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Volume-Based Thermoelasticity: Compressibility of Mineral-Structured Materials

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journal contribution
posted on 01.07.2010 by Leslie Glasser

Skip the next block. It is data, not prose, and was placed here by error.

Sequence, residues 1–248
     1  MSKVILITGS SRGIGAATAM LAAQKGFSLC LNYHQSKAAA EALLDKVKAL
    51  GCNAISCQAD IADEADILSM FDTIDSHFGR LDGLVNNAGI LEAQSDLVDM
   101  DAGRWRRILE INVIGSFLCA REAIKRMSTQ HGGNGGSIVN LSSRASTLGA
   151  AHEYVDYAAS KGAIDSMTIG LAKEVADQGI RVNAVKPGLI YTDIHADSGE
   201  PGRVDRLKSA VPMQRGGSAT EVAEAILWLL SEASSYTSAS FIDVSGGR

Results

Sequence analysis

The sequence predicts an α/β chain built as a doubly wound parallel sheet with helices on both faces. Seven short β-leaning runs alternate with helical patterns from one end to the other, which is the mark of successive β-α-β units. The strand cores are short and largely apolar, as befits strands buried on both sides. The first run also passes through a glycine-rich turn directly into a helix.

Thermodynamic properties, such as entropy among others, have been shown to correlate well with formula volume, thus permitting prediction of these properties on the basis of chemical formula and density alone, with no structural detail required. We here extend these studies to the thermoelastic property of isothermal compressibility, β, of a wide range of materials. We show that compressibility is strongly linearly correlated with formula volume per atom pair, Vpr, within selected groups of materials (silicate clinopyroxenes, chalcopyrites, perovskites, transition metal diborides, spinels―these structurally related groups are selected on the basis of availability of experimental data). The groups are clearly distinguished by their “crumple” coefficients, w―that is, by the slopes of plots of their compressibilities versus their ion-pair volumes. The “crumple” coefficients decrease in the sequence of these groups listed above, and explanations are offered for the observed sequence: from flexible framework structures which crumple readily to rigid close-packed oxides and borides. This is believed to be the first examination of thermoelastic data across a wide range of structure groups, providing some broad insight into the factors influencing the elasticity of materials. The correlations may be used either to estimate or to check the compressibility of a material within a group.